Children’s Food Trust Head of Schools Jeremy Boardman reflects on progress one month after the national launch of universal infant free school meals. 

It’s been called a golden age for school food. Cooking is back on the curriculum and new, easier-to-use school food standards come into force in January. But perhaps the most impressive step has been that around 16,000 schools have tackled a huge range of challenges in a short time to be able to provide universal infant free school meals this term.

So if you think August was quiet, then spare a thought for those thousands of schools which had this demanding new deadline looming. Since then, we’ve seen all kinds of stories in the press about how successful or otherwise the launch has been. Yes, there have been bumps in the road, but what we’re seeing is an overwhelming enthusiasm and determination from schools to make this work – and from what we’re hearing, demand for these meals is soaring.

We work in partnership with LACA (Lead Association for Catering in Education) to provide the national free Advice Service, set up especially to help schools, caterers and local authorities achieve this leap in demand. So we’ve had a privileged view of just how challenging it has been for some schools and of the hard work that continues behind the scenes to make sure all infants get these good meals.

At Haddenham St Mary’s School in Buckinghamshire, where they previously provided no school meals, we helped them be ready on day one to feed 100 infants.  The school is having a completely new kitchen enabling them to prepare fresh, healthy meals everyday for every child in reception, year 1 and year 2. And until that’s ready, a small, local food provider within the village is supplying home cooked meals using the produce that the children have grown from the garden.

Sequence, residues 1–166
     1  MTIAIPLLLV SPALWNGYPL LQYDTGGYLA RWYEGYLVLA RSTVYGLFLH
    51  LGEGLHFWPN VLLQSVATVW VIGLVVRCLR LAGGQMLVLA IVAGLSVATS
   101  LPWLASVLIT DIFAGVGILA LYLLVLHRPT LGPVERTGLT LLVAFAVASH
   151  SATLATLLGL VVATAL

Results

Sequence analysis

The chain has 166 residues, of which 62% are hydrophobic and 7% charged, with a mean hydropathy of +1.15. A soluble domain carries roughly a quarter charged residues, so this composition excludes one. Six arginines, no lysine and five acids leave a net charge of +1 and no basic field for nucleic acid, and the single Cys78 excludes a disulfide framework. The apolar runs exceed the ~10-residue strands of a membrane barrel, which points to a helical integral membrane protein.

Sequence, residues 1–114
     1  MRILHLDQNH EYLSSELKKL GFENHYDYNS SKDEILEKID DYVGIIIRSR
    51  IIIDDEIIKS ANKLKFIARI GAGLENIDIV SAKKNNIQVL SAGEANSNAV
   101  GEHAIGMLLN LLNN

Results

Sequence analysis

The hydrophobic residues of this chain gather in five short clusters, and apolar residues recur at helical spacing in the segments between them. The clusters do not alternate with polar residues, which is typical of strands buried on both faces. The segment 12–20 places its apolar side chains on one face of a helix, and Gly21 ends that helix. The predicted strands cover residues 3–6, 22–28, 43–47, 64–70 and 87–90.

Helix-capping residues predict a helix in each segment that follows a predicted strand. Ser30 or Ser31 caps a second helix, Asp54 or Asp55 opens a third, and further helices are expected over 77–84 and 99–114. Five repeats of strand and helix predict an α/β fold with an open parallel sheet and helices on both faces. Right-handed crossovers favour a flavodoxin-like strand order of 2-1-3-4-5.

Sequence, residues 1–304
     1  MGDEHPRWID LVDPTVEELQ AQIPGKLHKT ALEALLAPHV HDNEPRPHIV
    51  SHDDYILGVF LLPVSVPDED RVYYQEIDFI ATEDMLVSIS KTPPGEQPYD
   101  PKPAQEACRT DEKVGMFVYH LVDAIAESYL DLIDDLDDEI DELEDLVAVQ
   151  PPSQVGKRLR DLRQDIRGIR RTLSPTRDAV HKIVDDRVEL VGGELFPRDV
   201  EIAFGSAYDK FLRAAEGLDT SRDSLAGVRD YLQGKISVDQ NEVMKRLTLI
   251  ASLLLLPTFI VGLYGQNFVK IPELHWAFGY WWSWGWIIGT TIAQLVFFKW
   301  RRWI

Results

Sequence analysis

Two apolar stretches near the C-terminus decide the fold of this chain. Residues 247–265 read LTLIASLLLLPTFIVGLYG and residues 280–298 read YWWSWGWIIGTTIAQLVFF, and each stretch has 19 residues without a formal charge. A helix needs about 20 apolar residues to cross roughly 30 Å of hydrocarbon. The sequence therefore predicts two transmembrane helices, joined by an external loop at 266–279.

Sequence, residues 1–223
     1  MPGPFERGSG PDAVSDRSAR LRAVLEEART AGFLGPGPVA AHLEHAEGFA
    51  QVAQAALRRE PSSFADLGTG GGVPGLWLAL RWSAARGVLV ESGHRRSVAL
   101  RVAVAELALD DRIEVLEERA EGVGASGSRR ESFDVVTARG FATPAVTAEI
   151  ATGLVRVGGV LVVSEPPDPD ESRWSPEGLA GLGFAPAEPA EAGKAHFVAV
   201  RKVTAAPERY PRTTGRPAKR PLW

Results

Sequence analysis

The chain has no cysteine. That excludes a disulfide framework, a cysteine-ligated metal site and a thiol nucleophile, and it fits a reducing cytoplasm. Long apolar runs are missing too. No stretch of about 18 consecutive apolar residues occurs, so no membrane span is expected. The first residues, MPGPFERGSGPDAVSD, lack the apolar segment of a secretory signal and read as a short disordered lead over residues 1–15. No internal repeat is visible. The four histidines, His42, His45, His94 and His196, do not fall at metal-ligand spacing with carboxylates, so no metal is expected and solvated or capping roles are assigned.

Demand has doubled for infants’ school meals at St Peter and St Paul’s Catholic Primary School in Kent, with numbers jumping from around 30 to more than 60 every day. And they’re actually eating what’s on their plates. In fact, it’s the simplest ideas that can make the most difference. Switching from using flight trays to proper plates has made a huge difference, with one child reported to have said “it’s much nicer than eating off the table!”

Fairfield Primary School, Cumbria has gone from an all packed lunches situation to now providing 140 infants with free, tasty and nutritious lunches every day thanks to an external provider. In fact, it’s working so well, they’re extending the offer of a hot school meal to 380 pupils at the school.